Discontent Among West Virginia Dems As Manchin Cuts Against The Grain

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Discontent Among West Virginia Dems As Manchin Cuts Against The Grain
Some residents still call him Governor Manchin — a position he held till 2010 — and he's the dominant force in West Virginia Democratic politics.

He's been one of the biggest roadblocks to Democrats in Washington and senior Democrats in his home state are not afraid to share their discontent.

NEWSY'S NATHANIEL REED: Are you disappointed in Sen. Manchin?  

STATE DEL. MIKE PUSHKIN: I'm disappointed that they weren't able to reform the filibuster to get that very important bill. 

But what West Virginia Sen. Joe Manchin's Democratic colleagues call obstruction, is seen by many in his home state as a winning formula.  

"Seems like he's standing up for something that he believes in and I'm glad that he is. So, I think he's doing a great job," Charleston resident Steve Blackwell said.

Some residents still call him Governor Manchin — a position he held till 2010 — and he's the dominant force in West Virginia Democratic politics.  

"We've had 40 years of Joe Manchin," State Del. Shawn Fluharty said. "He served us well, but the Democratic party currently is only identified with Joe."   

Delegates Pushkin and Fluharty serve in the West Virginia House of Delegates.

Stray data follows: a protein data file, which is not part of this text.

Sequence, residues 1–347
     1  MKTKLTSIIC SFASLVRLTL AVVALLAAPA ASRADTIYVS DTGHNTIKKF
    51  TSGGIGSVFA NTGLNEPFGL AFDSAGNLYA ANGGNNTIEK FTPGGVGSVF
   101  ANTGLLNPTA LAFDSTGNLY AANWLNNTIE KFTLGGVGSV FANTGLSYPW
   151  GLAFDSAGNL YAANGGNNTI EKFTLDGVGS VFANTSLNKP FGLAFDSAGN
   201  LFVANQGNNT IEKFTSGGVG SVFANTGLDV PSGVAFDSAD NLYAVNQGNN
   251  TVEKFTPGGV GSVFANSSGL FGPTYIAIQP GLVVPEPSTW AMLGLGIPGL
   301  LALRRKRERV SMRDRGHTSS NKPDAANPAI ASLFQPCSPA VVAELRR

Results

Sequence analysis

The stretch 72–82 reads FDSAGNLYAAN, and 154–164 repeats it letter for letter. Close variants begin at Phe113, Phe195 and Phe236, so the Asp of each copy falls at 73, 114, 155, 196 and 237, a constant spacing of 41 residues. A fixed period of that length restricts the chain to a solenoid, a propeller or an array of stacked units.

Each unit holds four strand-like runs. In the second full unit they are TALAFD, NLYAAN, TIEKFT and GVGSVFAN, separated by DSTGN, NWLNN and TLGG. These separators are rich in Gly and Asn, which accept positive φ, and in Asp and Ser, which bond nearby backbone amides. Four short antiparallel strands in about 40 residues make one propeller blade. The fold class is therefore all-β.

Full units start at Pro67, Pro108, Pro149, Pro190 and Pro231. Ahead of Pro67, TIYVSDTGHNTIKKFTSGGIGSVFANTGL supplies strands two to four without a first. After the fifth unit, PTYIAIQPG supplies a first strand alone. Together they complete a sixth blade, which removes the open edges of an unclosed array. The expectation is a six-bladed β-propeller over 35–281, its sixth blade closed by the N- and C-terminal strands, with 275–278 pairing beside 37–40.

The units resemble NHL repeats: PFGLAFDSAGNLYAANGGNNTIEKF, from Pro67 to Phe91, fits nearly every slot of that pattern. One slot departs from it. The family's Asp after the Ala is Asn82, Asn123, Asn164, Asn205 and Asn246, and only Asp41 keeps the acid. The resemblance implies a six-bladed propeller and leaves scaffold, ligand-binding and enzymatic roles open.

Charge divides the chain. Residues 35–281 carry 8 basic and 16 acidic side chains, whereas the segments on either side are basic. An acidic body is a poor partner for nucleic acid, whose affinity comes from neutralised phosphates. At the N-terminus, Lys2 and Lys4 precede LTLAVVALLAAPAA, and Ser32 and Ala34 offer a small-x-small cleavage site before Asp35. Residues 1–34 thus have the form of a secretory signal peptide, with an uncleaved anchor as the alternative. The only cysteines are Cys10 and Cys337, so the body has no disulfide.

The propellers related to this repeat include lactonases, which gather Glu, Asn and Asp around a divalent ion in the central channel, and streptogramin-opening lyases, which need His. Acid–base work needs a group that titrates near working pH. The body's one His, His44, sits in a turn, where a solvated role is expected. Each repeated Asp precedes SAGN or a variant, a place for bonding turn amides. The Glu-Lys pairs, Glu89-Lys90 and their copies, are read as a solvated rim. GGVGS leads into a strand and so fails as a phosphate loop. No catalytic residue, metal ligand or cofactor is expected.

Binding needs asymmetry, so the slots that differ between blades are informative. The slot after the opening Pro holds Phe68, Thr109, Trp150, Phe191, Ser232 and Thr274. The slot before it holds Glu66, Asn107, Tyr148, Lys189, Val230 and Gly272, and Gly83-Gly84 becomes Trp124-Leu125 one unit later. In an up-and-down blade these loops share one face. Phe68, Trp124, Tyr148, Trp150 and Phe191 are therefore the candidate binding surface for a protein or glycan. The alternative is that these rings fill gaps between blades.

Both are members of Democratic leadership in the state and previously campaigned for Sen. Bernie Sanders' bid for the presidency.   

But Sanders' recent threat of supporting a more liberal primary challenger to Manchin has them unconvinced.   

"Well, I think when you start looking at West Virginia — good luck as far as finding a primary challenger that would have any credibility at this point," Fluharty said. 

And unlike Arizona, where the state's Democratic party voted to censure Kirsten Sinema over her decision to uphold the Senate's filibuster rules, West Virginia Democrats aren't convinced their public disapproval is the right move.  

"A motion to censure is really just — it's a meaningless gesture," Pushkin said. "It really doesn't have any action. I think there's a lot of us who want to work with our senator."

In a state where Donald Trump won nearly 70% of the vote in 2020, few are convinced that a more liberal candidate could stand a chance here statewide.  

"I think that he's unfortunately the only Democratic senator that will be elected in the foreseeable future," Charleston resident Lucas King-Cochran said. 

Instead, some are urging their Democratic senator to reconsider changing the Senate's rules to pass voting rights legislation and are pressing him to support broader pieces of President Biden's Build Back Better Act, including the reauthorization of an expanded Child Tax Credit and paid family leave.  

"They're popular in West Virginia, but you have to go to the voter and talk to them about it," Fluharty said. "I expect him to go back to the table and hopefully come out with pieces of that puzzle that we have that will benefit West Virginians."

And with Senate Democrats holding the slimmest majority in recent memory, Manchin told Newsy he thinks sticking to the middle will ultimately prevail.  

REED: Does holding the Senate in 2022 concern you?  

SEN. MANCHIN: Well, that's up to the people. You have to be moderation. Moderation is what people want. I can tell you that. You can talk to people here — they love the moderation. They love working together. We're going to do that.